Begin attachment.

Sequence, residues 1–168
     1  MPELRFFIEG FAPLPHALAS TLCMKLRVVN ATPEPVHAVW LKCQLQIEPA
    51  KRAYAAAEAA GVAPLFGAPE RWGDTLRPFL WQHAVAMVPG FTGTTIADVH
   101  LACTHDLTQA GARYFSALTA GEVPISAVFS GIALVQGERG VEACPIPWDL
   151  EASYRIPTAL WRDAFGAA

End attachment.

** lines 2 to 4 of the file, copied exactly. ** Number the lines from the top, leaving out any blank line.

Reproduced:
     1  MPELRFFIEG FAPLPHALAS TLCMKLRVVN ATPEPVHAVW LKCQLQIEPA
    51  KRAYAAAEAA GVAPLFGAPE RWGDTLRPFL WQHAVAMVPG FTGTTIADVH
   101  LACTHDLTQA GARYFSALTA GEVPISAVFS GIALVQGERG VEACPIPWDL